For her, no sooner has one festive season passed then she starts work on cards for the next one.
“I make them all by hand, so have to start just as soon as Christmas is over,” she said.
Ms Howells’ cards are sold at coffee mornings and fundraisers from September onwards.
“Last year I made 1,500, so by that time I’d had enough – especially after one of my cats chewed open a bottle of glitter and turned the front room into a winter wonderland,” she said.
“Just as everyone else is gearing up for Christmas, I am sitting down for a rest from it.”
Beating the discounts
Tourism outlets are among those who like to aim festive greetings at summer visitors.
The National Trust, which runs visitor sites across the UK, said its data suggested people were searching for cards as early as May.
“We stock our Christmas card range to coincide,” a spokeswoman said.
“Online sales of Christmas cards in 2018, after the UK, were highest to shoppers in the USA, Germany, France and Canada.”
Stephanie Boydell, curator of the Special Collections Museum at Manchester Metropolitan University, said outlets like the National Trust had, “a very strong, traditional British branding” that represented “a very particular notion of Britishness”.
“I imagine [it] is the same appeal that makes period dramas such as Downton Abbey so popular overseas as well,” she said.
Jeremy Corner, who runs luxury card producer Blue-Eyed Sun, said people come to tourist outlets and shops like Harrods and Selfridges in the summer to buy for the following Christmas.
“That means having the cards printed in the early part of the year, which in turns often means designing them before the previous Christmas,” he said.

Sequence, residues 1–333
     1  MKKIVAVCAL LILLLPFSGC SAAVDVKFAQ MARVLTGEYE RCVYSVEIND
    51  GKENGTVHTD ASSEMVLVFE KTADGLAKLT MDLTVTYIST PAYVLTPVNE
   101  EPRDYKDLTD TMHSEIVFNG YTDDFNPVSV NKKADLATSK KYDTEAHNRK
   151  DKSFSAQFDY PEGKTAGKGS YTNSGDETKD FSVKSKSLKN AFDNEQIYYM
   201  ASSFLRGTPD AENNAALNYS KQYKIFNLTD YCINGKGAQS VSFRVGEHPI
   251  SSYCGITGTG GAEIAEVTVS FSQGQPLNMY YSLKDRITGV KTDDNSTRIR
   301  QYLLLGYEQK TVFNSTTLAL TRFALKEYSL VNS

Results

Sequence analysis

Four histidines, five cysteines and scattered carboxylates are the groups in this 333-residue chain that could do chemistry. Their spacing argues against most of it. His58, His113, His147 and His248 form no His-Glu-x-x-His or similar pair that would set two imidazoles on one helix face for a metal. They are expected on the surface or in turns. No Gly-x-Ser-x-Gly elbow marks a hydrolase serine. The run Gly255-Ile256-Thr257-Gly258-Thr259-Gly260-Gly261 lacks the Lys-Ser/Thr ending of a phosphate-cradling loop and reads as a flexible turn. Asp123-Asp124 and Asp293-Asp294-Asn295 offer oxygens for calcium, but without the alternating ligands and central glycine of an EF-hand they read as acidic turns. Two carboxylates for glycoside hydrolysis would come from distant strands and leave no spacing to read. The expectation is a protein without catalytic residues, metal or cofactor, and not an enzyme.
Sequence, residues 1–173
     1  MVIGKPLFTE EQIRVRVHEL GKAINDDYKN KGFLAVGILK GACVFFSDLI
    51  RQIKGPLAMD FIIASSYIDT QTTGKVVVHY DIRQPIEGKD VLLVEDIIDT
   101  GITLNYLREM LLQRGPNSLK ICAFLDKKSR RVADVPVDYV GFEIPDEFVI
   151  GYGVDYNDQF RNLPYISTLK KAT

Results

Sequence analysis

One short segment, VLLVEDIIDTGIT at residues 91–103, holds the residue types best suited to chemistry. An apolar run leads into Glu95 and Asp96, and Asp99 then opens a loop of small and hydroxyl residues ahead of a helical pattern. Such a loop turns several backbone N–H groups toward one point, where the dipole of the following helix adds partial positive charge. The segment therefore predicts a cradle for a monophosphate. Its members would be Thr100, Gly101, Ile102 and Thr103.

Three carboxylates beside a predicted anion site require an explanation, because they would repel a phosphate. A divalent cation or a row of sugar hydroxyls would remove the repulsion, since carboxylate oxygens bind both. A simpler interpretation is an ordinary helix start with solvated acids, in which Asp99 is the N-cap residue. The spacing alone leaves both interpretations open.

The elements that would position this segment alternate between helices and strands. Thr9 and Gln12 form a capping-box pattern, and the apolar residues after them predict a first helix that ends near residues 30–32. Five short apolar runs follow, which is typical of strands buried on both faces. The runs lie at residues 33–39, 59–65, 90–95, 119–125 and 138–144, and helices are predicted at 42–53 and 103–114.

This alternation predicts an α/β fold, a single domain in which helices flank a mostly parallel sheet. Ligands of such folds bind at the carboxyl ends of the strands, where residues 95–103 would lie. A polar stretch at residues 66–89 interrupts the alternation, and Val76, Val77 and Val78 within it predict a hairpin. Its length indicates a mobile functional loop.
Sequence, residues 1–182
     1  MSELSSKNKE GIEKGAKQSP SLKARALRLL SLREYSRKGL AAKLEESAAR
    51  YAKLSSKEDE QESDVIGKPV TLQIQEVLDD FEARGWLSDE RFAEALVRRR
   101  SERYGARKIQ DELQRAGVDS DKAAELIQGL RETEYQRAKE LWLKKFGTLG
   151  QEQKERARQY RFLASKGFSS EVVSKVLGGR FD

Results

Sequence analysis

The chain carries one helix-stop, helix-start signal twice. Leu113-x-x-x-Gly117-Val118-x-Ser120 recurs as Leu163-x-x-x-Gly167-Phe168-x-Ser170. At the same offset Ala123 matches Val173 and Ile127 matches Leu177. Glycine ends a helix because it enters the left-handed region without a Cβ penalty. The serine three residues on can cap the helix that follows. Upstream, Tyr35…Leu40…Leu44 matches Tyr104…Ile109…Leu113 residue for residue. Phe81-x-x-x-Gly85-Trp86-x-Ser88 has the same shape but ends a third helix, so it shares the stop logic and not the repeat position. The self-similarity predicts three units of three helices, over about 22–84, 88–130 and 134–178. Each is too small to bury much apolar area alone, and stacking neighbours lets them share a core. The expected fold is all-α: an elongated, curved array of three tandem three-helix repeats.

“I don’t think people should get too upset over seeing cards in the shops. I’m always in favour of putting a bit more love and care into the world.”
Branding expert and retail consultant Lou Ellerton said the early marketing is done for two reasons.
“Firstly is to benefit us, the consumer,” she said. “It reminds us that Christmas is coming and puts us in the mindset to prepare.
“For large families and those with stretched incomes, it will be a four-month journey to find the best value and get the most from every pound.
“But there is also a benefit to the retailers. Christmas is an incredibly important sales peak and it helps to get in early.
“This means we buy from them instead of competitors and reduces the chance of having to discount stock later on.”
But does the perception that Christmas comes earlier hold true?
“It’s a bit like thinking that summers were better when we were younger,” said Ms Ellerton. “Despite events like Black Friday and some retailers really pushing early, the big shops still tend to keep Christmas merchandise to after Halloween.
“It doesn’t seem to alienate shoppers – perhaps those people who are up in arms about it aren’t the kind to shop early anyway.
“The main downside is that, while allowing people to plan, it also brings the pressure early. As soon as the children realise Christmas is on the way, that’s when they start to ask for things.”